The Projector Remote feature provides a remote control for the projector from the instructor’s device. Now the instructor can wake up the projector, change inputs, and control volume levels for any audio without having to search for the remote control. The PC Remote feature allows teachers to open files and advance PowerPoint slides from their devices without having to keep returning to their desk or podium.
A nice enhancement is the ability to project the screens of multiple devices and project them at the same time so that the instructor can stimulate discussion or debate. The instructor can choose and project up to four screens at once, so students can compare their findings.
At the end of the class, there’s no need to turn off the projector. Pressing the stop button on the app removes the projected image from the screen while maintaining the network connection status. If another teacher enters the room, he or she can connect quickly, and if not, the projector will automatically power off after 20 minutes.
It makes perfect sense for Casio to introduce this technology, Gillio says, because the company’s focus has always been on education.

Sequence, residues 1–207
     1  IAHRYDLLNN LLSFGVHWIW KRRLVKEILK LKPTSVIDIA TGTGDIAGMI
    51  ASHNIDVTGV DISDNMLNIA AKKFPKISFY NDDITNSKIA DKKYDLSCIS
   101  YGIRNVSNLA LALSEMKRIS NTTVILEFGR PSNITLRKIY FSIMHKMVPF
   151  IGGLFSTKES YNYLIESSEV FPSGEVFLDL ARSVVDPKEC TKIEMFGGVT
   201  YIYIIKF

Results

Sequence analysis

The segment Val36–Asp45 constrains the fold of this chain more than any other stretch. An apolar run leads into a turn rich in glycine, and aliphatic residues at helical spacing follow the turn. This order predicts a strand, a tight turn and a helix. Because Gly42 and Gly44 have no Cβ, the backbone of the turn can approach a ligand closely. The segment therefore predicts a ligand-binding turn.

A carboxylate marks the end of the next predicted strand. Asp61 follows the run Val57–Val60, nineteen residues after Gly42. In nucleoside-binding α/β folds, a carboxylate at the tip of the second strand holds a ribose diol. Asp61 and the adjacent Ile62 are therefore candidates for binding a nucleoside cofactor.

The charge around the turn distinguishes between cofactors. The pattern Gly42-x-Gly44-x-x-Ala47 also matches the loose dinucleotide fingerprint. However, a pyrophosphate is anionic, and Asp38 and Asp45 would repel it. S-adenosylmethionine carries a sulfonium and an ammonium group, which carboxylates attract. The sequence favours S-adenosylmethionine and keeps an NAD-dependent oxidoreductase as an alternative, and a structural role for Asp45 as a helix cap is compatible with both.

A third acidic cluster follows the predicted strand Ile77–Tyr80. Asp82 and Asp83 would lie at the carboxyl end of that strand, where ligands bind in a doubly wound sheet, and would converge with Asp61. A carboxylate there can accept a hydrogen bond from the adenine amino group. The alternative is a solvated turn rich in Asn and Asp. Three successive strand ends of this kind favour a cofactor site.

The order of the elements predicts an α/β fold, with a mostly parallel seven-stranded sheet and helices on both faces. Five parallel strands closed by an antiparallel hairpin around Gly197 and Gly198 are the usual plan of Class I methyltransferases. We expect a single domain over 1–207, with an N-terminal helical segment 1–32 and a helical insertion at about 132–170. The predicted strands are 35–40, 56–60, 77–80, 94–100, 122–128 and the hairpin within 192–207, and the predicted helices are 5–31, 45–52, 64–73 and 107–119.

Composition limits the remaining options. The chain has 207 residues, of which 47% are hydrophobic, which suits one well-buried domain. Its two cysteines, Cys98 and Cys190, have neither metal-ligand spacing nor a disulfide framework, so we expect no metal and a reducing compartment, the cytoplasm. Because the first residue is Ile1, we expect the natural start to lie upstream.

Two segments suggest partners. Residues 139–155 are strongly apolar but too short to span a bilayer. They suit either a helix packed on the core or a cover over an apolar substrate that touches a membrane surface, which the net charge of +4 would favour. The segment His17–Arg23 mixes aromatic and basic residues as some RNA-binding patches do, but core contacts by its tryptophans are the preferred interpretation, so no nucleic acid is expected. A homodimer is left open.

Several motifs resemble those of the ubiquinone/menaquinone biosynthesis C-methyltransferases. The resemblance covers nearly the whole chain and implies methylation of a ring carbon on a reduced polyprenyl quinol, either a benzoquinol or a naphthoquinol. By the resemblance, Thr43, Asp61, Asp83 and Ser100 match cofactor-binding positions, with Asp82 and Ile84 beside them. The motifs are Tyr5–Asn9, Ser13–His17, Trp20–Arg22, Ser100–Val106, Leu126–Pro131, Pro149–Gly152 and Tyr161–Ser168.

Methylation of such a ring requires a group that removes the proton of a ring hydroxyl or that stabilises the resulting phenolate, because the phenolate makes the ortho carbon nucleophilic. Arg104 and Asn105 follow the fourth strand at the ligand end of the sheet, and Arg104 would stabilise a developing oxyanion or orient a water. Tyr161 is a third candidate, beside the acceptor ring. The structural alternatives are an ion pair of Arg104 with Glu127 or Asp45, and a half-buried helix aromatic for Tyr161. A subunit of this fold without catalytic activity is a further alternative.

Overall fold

“Casio was the first mover in high-brightness, solid-state projection technology, introducing our LampFree light source back in 2010,” he explains. Since that time the company has sold more than a million LampFree projectors, achieving the highest market share in solid-state projection for the last eight years. The majority of its projectors are installed in K-12 schools, though recently more and more are going into higher education.
Casio uses a unique laser/LED hybrid light source, which combines the best of both technologies to produce more lumens per watt and more lumens per dollar than either all-laser or all-LED projectors. As a result, Casio hybrids use about 30% to 50% less electricity than most comparable laser projectors. Compared to bulb-based projectors, their purchase price is somewhat higher, but the lifetime cost is far lower, with no replacement lamps or filters to buy and little or no labor needed for maintenance.
Much of Casio’s success is due to the extreme reliability of their technology, with fewer than 1% of their projectors requiring service during their five-year warranty period. Compared to projection lamps, the hybrid light source produces very little heat, and so the electronic components, power supplies and optical engines deteriorate far more slowly. Service, even for older projectors, is rare.
Educational Solutions is simple, effective, and free of charge. It will work with any current network-capable Casio projector. These include:
“Educational Solutions,” Gillio says, “is meeting a need our educational customers have felt for several years. They’ve empowered their students to direct their own learning, and in doing so have dramatically improved outcomes. Now they have an easy, inexpensive way to allow students to present what they learn to each other and to their instructors.”